Laundry day

Spring blossoms scent the air;
the kitchen smells
of Marseilles soap and ironing.

cherry blossom

April is not only the cruelest month, it’s also National Poetry Month. (Though I suppose that may depend on what nationality you are.)

I’m not going to be signing up for NaPoWriMo and don’t even promise 30 blog posts, let alone 30 poems this month.

Still, I do at least recognise that it’s April and there should be some poetry going on, even if I’m likely to head off on linguistic tangents as usual. Today’s tangent is to wonder why I should have only learned about Marseille soap after moving to Spain, and, in particular, after moving to Castile.

After reading in wikipedia, a new tangent appears: it seems that sapo castilliensis is the Latin name apothecaries gave to Castile soap; but why are the Latin word for “soap” and the Spanish word for “toad” the same?

Author: don't confuse the narrator

Exploring the boundary between writer and narrator through first person poetry, prose and opinion

6 thoughts on “april”

  1. Heh. “Why should I let the soap work squat on my life?”

    Ancient Greek has the word σάπων (“sapon”, in which the “a” is short, the “o” long and open, and the first syllable pronounced at a higher musical pitch than the second), which means something like “rotting” or “putrescent”, according to Liddell & Scott. Perhaps it really means “in need of soaping”.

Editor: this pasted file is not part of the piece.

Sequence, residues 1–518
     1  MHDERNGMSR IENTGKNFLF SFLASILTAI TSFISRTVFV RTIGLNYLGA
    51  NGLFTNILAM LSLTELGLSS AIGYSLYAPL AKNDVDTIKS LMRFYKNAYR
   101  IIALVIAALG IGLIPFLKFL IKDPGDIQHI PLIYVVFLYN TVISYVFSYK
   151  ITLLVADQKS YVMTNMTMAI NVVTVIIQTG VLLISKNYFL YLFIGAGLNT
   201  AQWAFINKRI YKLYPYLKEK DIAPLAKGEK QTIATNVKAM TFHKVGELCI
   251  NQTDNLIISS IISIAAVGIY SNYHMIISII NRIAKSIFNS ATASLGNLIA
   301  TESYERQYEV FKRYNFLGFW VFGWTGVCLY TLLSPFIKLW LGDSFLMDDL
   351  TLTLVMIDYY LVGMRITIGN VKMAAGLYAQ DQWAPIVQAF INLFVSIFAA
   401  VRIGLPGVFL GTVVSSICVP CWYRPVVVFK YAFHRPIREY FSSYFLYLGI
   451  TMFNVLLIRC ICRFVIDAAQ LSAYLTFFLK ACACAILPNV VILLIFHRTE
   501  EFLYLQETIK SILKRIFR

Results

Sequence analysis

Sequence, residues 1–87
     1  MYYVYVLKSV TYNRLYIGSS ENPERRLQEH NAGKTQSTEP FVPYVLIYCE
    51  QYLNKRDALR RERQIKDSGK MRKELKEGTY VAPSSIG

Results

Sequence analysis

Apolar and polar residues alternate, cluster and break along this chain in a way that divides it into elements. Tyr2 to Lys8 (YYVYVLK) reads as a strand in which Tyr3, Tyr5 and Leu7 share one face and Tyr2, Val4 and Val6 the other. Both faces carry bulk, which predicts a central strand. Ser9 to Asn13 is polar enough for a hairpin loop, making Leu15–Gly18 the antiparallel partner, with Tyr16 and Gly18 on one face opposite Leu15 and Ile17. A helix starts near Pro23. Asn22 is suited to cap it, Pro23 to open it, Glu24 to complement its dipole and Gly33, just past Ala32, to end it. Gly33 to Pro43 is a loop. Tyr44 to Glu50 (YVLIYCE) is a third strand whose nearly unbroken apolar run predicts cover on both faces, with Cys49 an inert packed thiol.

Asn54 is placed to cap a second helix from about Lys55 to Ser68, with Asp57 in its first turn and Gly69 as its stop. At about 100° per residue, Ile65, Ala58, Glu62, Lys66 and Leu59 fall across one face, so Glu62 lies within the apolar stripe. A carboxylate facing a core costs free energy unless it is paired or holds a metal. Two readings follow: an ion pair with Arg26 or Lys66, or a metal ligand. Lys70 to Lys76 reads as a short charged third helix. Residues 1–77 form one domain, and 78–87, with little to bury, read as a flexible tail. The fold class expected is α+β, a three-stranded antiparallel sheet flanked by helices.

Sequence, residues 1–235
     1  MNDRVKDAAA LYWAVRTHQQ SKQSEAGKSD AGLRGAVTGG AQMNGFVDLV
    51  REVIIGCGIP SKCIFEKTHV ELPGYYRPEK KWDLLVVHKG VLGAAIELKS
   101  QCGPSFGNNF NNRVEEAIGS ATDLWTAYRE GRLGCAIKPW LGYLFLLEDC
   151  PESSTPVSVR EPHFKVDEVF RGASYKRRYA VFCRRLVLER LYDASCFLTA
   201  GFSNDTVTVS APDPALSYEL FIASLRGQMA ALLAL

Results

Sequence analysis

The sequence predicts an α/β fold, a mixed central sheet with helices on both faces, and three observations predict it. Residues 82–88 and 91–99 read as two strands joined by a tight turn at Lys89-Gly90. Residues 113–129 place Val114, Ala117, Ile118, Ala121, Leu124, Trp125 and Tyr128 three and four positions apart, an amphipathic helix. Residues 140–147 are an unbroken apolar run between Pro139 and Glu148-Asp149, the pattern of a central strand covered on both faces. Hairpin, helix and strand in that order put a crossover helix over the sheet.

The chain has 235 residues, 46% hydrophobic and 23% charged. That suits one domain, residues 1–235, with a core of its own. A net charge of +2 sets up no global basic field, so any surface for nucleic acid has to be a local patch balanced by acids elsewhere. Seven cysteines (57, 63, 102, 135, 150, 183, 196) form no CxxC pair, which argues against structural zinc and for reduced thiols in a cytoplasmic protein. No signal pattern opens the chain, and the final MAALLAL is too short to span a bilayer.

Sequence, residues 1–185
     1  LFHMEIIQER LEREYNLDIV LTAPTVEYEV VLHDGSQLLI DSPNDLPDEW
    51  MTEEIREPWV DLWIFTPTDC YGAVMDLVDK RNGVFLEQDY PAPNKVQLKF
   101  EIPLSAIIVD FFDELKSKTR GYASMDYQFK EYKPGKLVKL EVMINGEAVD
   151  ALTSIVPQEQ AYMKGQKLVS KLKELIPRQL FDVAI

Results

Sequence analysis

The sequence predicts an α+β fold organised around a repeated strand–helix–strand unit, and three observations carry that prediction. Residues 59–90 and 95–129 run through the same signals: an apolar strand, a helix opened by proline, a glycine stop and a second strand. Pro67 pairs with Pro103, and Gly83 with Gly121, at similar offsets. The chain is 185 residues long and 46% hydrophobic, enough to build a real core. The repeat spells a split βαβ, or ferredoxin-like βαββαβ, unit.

If you hadn’t given your poem a title, it might obey most of the rules for haiku – i.e. the ones I vaguely understand. The ambiguity of “smells” at the line-end (plural noun or singular verb) is probably not part of the authentic haiku style, but I like it.


    1. The fact that I label a post ‘haiku’ doesn’t mean I think I’ve written one. Even without the title, I really don’t think this is a haiku, it’s a fragment of poetry. (And if I labelled all the similar posts as ‘fragments’ it’d be depressing to see just how broken my writing is.)

      “Sapon” complicates matters further by reminding me of “jabón” and “jamón”. While Spanish students of English are renowned for asking for “soap” when they mean “soup”, as a learner of Spanish, I had difficulty distinguishing “soap” from “ham”. I should have stuck to Castile soap made with olive oil not pig fat, I suppose.


  2. Toad fat for soap,
    A witch’s brew in the kitchen –
    Flying Pan to Spain.

    Enjoyed this post. Thanks for the interesting connections of ideas. :)


    1. Your ‘flying pan’ reminds me I must get a photo of the local street cleaner one day, as he uses a proper witch’s besom with the twigs bound together with an old tin can.

      (…and the ideas keep on connecting – or maybe I just jump from tangent to tangent and will eventually end up full circle.)

      Thanks for dropping by!


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